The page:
Head-to-Toe Solutions for Stress
Help yourself relax almost anywhere.
Researchers once blamed tension headaches on tight muscles in the face and neck. But now they think that stress-induced fluctuations in neurotransmitters—like serotonin and endorphins—also activate pain pathways in the brain, leading to headaches. In either case, ouch!
Just 10 minutes a day of mindful relaxation—like deep breathing or meditation—can ease the muscle tension that can trigger a headache, says Lisa Corbin, MD, medical director of the Integrative Medicine Program at the University of Colorado Hospital. Try this: Sit in a quiet place, and close your eyes. Take a deep breath through your nose, and let it fill your abdomen; hold it for 5 seconds, then exhale. Studies have shown that simple, deep-breathing exercises like this reduce blood pressure and promote a sense of well-being.
A bad day really can go straight to your face: Chronic-stress hormones can increase oil production in skin glands. The result can be blemishes or full-blown acne.
The Chinese tradition of drinking hot water with lemon helps detoxify your skin, says Susan Ciminelli, founder of Susan Ciminelli Day Spa in New York City. Also try slowly rubbing a dry loofah up your body, starting from the ankles. This helps blood circulate and is invigorating and calming, Ciminelli says.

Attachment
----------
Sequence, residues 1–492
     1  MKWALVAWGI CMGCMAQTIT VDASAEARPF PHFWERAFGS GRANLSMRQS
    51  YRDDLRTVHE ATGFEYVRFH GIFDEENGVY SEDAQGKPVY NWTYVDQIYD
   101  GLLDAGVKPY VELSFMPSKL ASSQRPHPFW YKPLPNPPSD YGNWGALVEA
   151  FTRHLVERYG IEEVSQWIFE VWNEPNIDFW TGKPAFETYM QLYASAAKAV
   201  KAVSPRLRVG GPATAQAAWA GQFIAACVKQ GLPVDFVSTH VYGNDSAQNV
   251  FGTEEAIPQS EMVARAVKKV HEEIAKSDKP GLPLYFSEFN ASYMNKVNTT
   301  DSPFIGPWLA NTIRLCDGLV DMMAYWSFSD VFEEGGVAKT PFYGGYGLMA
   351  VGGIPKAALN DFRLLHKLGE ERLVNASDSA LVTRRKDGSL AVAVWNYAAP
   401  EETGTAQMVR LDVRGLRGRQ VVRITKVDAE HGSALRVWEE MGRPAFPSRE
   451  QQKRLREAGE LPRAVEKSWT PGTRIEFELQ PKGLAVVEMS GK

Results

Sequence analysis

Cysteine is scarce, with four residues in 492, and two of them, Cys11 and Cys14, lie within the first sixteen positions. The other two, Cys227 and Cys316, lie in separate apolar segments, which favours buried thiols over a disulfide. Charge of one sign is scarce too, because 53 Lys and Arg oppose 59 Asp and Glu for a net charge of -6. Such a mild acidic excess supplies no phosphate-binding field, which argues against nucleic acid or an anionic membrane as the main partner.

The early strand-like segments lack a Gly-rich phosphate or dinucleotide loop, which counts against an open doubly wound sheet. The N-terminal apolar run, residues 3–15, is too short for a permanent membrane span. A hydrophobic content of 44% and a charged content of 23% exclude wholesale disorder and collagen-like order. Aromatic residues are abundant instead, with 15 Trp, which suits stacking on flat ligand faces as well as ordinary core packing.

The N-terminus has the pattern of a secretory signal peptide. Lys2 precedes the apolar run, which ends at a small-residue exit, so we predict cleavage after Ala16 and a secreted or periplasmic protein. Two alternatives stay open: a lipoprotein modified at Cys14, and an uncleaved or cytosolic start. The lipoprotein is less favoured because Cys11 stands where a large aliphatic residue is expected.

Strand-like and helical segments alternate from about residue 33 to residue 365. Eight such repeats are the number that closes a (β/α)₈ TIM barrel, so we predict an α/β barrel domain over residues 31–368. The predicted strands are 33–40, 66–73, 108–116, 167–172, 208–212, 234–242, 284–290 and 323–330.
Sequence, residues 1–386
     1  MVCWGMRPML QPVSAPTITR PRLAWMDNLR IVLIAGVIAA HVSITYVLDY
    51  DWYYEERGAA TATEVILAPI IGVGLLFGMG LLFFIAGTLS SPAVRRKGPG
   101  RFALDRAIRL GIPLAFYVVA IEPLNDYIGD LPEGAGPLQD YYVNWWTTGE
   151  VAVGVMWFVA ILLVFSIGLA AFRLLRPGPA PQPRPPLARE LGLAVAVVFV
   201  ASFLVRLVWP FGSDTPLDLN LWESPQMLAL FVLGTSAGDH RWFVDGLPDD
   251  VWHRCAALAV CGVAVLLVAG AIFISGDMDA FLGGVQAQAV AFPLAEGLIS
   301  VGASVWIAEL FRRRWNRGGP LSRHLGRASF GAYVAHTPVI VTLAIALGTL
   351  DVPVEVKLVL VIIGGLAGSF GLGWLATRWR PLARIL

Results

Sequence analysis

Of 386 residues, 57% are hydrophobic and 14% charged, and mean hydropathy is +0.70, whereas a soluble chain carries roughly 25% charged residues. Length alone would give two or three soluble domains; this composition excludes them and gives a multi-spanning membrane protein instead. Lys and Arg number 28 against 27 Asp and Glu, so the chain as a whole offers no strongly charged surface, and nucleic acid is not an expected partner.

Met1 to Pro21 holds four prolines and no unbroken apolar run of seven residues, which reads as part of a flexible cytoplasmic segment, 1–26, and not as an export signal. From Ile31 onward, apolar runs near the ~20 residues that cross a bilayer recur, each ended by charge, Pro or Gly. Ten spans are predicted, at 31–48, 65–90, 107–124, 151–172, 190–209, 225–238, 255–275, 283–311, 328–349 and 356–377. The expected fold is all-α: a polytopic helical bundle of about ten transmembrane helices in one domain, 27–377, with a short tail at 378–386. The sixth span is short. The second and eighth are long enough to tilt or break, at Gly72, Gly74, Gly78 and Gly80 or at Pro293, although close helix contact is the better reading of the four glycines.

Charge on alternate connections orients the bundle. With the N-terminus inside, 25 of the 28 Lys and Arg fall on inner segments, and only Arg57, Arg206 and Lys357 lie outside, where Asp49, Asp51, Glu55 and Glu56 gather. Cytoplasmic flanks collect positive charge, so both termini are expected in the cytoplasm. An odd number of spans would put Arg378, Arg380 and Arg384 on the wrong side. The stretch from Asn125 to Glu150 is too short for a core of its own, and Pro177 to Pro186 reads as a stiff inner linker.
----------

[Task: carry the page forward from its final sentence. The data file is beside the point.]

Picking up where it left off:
Sometimes that pain in the neck from the office goes home with you in the form of sore, stiff muscles. After tensing up all day, trigger points within the muscles can go into tiny spasms and cause intense neck cramps, integrative-medicine expert David Rakel, MD, says.
Massage—from hot stones to ischemic-compression therapy, during which trigger points are probed—can help relax tight muscles in your neck or upper back, says Dr. Rakel. Or try Kneipp hydrotherapy: Sit in bathwater that’s as cold as you can tolerate, then warm up the water; alternate between cold and hot three to four times while soaking. You can also take a cold shower or splash cold water on sore muscles for 10 to 60 seconds; the dramatic change in temperature may constrict and open blood vessels, removing toxins like lactic acid and improving blood supply and lymph flow, Dr. Rakel says. A recent study also showed that cold-water therapy can reduce fibromyalgia pain.
If you can’t stop yawning, it’s probably because you’ve spent hours in bed ruminating instead of sleeping. “There are wake-promoting regions of the brain that get stimulated by anxious thoughts,” says psychologist Stephanie Silberman, PhD, a diplomate of the American Board of Sleep Medicine and author of The Insomnia Workbook. Too many restless nights, and your days will be shot—memory is impaired and you may feel more irritable and moody.
If stress is keeping you awake, practice “thought stopping,” says Silberman. "Picture an actual stop sign every time you start worrying."
Progressive muscle-relaxation is another anti-insomnia technique: Beginning at your toes, tighten the muscles in that area, hold for 5 seconds, then release; continue with each muscle group, going up the length of your body. Breathe calmly throughout the exercise.
Period problems and infertility
Bad cramps? No period? The reproductive system is ground zero for stress in many women, says Anne Nedrow, MD, medical director of women’s primary care and integrative medicine at Oregon Health and Sciences University’s Center for Women’s Health. “Sometimes it starts when young women go off to college and have excessive bleeding or don’t bleed at all,” she says. There’s also a strong mind-body connection that can interfere with fertility and sexual function, Dr. Nedrow says.